Making Good Selvedges– One, Two then Three “Throw, Beat THEN Change Your Feet”

This post was also inspired by Linda Doggett who said how important it is to her to beat on an open shed to make good selvedges. I enjoy the connections with other weavers. If you have an absolute favorite tip or process, let me know and perhaps it can go out into the weaving world in a blog post.

I’ve been pretty proud of my selvedges over time using the process Jim Ahrens taught that is the same that industry uses. If industry uses it, it must be pretty good, I thought. This is meant for most weave structures and yarns, but not for weft faced weaving. (eg. Tapestry or Collingwood’s rugs). Jim also said that often for right handers, the left selvedge is better. I think it is because that’s the one where the right hand is catching the shuttle. I never thought to ask him why. Mine are slightly better but both are good. The other thing he said was “the best selvedges come when you don’t pay attention to them.” (that is if you use this technique.) The photo is one of a series of color studies I wove with good line linen.

Step One: Throw the shuttle on the shuttle race or close to the reed. The shuttle race is a big help and the shed is larger, close to the reed. A diagonal should form naturally from the edge of the woven cloth to the shuttle race. The edge of the cloth is close enough so that the diagonal from it to the reed should be enough. This diagonal prevents the cloth from drawing in. (Remember that it’s important to advance the warp often, about every 2-3”.)

Snug up the weft against the outside warp thread, neither pulling that thread in, nor leaving a loop on the outside of it. I like to snug the weft up until it barely moves that outside thread—just grazes it. I don’t touch the selvedges but I press the weft thread onto the shuttle or bobbin and pull on the shuttle to snug the weft into place.

Step Two: Beat while the shed is still open. The illustration shows receiving the shuttle and a hand on the reed, ready to beat. This is crucial since this is where the warp is held out to its full width so that you are getting enough weft into the shed. This keeps the cloth from drawing in too much. (Expect a little bit of draw-in that is natural.)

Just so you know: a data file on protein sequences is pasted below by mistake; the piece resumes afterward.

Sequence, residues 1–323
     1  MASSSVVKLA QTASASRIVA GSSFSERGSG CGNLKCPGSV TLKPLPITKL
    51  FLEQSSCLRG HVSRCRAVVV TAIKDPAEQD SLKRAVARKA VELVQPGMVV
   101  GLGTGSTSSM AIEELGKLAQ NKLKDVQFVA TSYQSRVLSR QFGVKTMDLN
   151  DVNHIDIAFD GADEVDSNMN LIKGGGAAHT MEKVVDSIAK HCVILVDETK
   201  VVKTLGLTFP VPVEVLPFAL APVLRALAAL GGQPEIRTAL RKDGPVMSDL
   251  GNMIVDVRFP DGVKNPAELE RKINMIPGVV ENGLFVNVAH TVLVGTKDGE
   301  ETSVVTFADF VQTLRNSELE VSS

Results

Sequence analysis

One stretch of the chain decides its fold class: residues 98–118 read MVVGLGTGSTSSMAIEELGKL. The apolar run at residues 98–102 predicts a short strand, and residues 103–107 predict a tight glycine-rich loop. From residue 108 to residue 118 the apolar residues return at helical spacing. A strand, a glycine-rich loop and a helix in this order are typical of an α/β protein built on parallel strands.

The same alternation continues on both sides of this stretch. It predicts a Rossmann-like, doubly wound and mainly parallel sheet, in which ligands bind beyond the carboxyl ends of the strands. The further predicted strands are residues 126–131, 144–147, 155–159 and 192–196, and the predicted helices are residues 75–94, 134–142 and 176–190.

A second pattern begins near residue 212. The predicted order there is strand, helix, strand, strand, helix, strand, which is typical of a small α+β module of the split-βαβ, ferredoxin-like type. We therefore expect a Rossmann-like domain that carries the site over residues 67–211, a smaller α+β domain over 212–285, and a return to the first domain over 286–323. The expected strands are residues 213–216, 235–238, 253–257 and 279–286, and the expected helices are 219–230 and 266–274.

Step Three: Change the shed as soon as you have beaten in the weft. The illustration shows the weft beaten in and the beater back near the heddles and the shuttle going into the new shed. This is especially important, too, because it is trapping the weft out at that widest point so the cloth cannot draw in. That’s it: “Throw, beat, change your feet”. With practice, it will become automatic but at first, I’ve seen students struggle to change the shed quickly after beating. Often, they want to change the shed after the beater is back at the heddles.

6 thoughts on “Making Good Selvedges– One, Two then Three “Throw, Beat THEN Change Your Feet””

  1. Good morning Peggy,
    Thank you so much for your really fantastic tips, it’s like having you here, virtually of course like everything else at the moment. I was told in the beginning that my right hand selvedge would be better than my left as I am right handed, but surprisingly my left is always better, so there we go. I shall also practice the rhyme.
    Thank you again I will look forward to the next email.
    Suzie in France

  2. Great reminder, Peggy! Just keep them coming! I want to also tell you that you have been a great teacher for me. I’m largely self-taught and your books have been so important for me! And I love your blog!

  3. I heard of this technique a few months ago and it has made an enormous improvement to my selvedges, and since I’m not fiddling with them I’m also weaving much faster and more consistently.
    Thank you for your extremely helpful posts.

  4. Hi Peggy
    I love your tips and your illustrations — thank you for all you do to help other weavers.
    I have a table loom with bungee cords on the beater
    So I cannot change shed while the beater is forward, it bounces back and i need both hands to pull levers and cannot hold onto the beater too.! 🙂
    How can I minimize the draw-in that I’m getting, other than using a temple?


    • First, you don’t want to use a temple–= too slow. Here’s a process I can envision. Throw as usual, beat with one hand on beater and hold it back while you change a lever with your free hand. Let beater go back and use both hands as needed to change the remaining levers. The entire shed doesn’t need to be changed with the beater at the fell, so changing just one lever will do that job of locking in the weft at the widest point. I think if you maybe slow down a tiny bit and practice you can develop a good rhythm. You might think up a rhyme. Weaving on a table loom is slow, so just relax and enjoy it as you go is my advice. I’ve never thought of your situation before so keep me posted if you have time.


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